I see from Facebook that the literary giant Robert Bly has passed away. This blog post is longer than usual because it consists of an essay from my book, Poetry, Politics and Passion about my relationship with Bly. It’s the best way I can think of to memorialize him.
“You both have the same hairstyle.” This was my daughter Rachel’s comment when I showed her the photograph of Robert Bly and me in the July 2005 issue of the KRCB Radio program guide. True. Parted on the same side and about the same length, my curly blonde hair and his white wavy locks swept out from each of our faces in almost the same “do.” The picture was taken on the deck of Falkirk House in San Rafael where Marin Poetry Center members were hosting a reception before Bly’s reading at Book Passage.
Arrangements had been made with his agent to interview the renowned poet for KRCB’s literary hour, “Word by Word.” I had been a volunteer at the public radio station almost two years, producing more than 20 shows. I’d conducted phone interviews with such luminaries as Nikki Giovanni, Billy Collins, Kay Ryan, and Robert Hass, as well as several local authors. But this was my first in-person field recording opportunity, and a chance to see someone who was more than a celebrity I had brushed up against. Bly had been a correspondent, a literary friend and an anti-war ally. I was jazzed.
I first encountered him in 1969 when, as one of several prominent poets on a nationwide tour to raise money for Vietnam War resistance, he came to read at the Milwaukee 14 benefit. Bly had recently won the National Book Award for The Light Around the Body and donated his prize money to the Peace Movement. When I first heard him read, he was 46 years old. He had been publishing poems in translation in his magazine The Fifties, and then The Sixties, making Americans aware of the likes of Pablo Neruda, Cesar Vallejo and Georg Trakl. From his farmhouse in rural Minnesota, Bly was to go on editing and publishing The Seventies as well as numerous books of his own poems, essays and translations.
In 1975, around the time my growth into feminism led me to Goddess spirituality and study of the divine feminine, Bly founded the Annual Conference on the Great Mother and the New Father. It seemed to me then that Bly was helping the cause of women’s liberation by teaching men how to be authentic. In 1978, he visited Milwaukee again, and, because we had been exchanging letters, the poet invited me to play my doumbek (belly dance drum) with the gang of musicians who accompanied his reading at Century Hall. Ten years after I first saw him, he was still wearing the same performance attire: a cream-colored wool serape with a bold, black border design that made him look like a stately, wild-haired Norse God who had landed in Mexico and taken up residence there.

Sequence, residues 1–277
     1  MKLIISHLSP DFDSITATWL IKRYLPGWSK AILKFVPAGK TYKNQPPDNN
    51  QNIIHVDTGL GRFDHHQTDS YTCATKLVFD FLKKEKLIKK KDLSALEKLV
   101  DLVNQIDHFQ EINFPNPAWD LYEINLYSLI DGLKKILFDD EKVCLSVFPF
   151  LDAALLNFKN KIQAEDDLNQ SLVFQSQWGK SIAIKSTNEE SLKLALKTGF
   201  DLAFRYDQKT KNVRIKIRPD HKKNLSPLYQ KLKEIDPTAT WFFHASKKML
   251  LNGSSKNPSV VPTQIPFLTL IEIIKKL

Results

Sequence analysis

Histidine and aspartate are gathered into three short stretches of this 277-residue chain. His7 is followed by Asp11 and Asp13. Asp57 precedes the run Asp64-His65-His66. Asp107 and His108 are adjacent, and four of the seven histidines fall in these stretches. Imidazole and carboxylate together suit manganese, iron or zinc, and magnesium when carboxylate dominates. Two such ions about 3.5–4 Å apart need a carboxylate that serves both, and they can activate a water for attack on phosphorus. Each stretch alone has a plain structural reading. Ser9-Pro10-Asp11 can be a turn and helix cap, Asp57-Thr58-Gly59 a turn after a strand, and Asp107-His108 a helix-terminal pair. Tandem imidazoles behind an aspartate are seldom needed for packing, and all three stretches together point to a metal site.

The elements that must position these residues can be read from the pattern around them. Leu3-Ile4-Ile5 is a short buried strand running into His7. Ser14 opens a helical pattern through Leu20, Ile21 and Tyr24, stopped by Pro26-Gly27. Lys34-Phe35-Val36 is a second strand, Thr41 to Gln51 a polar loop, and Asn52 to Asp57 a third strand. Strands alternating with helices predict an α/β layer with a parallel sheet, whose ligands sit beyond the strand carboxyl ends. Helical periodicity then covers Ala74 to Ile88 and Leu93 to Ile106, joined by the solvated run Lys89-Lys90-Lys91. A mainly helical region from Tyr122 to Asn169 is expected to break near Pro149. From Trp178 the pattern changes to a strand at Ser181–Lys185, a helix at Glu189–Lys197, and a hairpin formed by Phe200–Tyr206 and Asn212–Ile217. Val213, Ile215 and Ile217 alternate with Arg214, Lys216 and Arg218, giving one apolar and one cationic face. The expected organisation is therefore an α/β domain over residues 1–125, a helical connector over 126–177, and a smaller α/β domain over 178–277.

During the height of Bly’s work in the mytho-poetic men’s movement (his international bestseller Iron John was published in 1990), we lost touch. I admired one of Bly’s other popular books, The Rag and Bone Shop of the Heart—an anthology of poems edited from his men’s movement work. And yet, I wondered if he had gone over the line into heterosexism. I remember writing to him with excitement that I had fallen in love with a woman, and being offended by his return letter that said my action had put me “on the endless grind of the karmic wheel.” It was an anxious and righteous time of my life, so I may have taken offense where none was meant. But I stopped writing to him, and he stopped writing to me. His growing mainstream accolades put him in a higher category of fame than most poets ever achieve—to the point that even stand-up comedians referenced “Robert Bly and the drum beating men’s gatherings in the woods where everyone shouts ‘ho!’ and hugs each other.”
Still, I treasured our brief common history in working for peace through poetry. When Bly came to Berkeley in 1998 for a screening of the film RUMI: Poet of the Heart, I made sure I was in the audience. Spotting him in an aisle seat before the performance, I knelt beside him to say hello. When I reminded him of our first encounter 30 years before, his face lit in recognition. He surprised me by asking about colleagues from those Milwaukee days by name. “It’s such a delight to see you again,” he said. “I’m glad you’re still writing.” We talked a while longer before he was called to the stage. Shortly afterward, I sent him a copy of my 1996 poetry chapbook. He wrote back promptly:
I’ve enjoyed Heart of the Peony very much. The poems don’t dance around at the edge of town, they head straight for the center. . .and I loved including a recipe for clam spaghetti in a book of poems! I’m going to use it this week. Love, Robert.
In 1999, when I asked permission to quote his one-sentence review of my poetry, he replied in the affirmative, and assured me that “the clam spaghetti was great.”
Our correspondence resumed in the form of exchanging publications—I sent him my 2002 spoken word/music CD, Make Love Not War, and he sent me autographed copies of his small hardcover books as they came out. His inscriptions were personal, intimate. He wrote quoting my own words back: “Thanks for your good poems! I like ‘the black cherries…with gratitude to have blood…’” Another inscription encouraged me: “It’s alright if we keep making the same mistakes/ It’s alright if we grow our wings on the way down.”
On that Sunday in May 2005, Bly exhibited the same warmth he had shown at all our previous meetings. Then 78 years old, he was on tour promoting two books: The Winged Energy of Delight: Selected Translations of Poems from Europe, Asia and the Americas, and a collection of his own: My Sentence Was A Thousand Years of Joy. When he arrived at the Falkirk House reception, he walked straight over to where I was enjoying a glass of wine at a table by myself and sat down. As other guests began to press closer for their turn to chat with the poet, I quickly got down to the business of confirming a time for our radio interview. And, I asked someone to snap a picture of us together.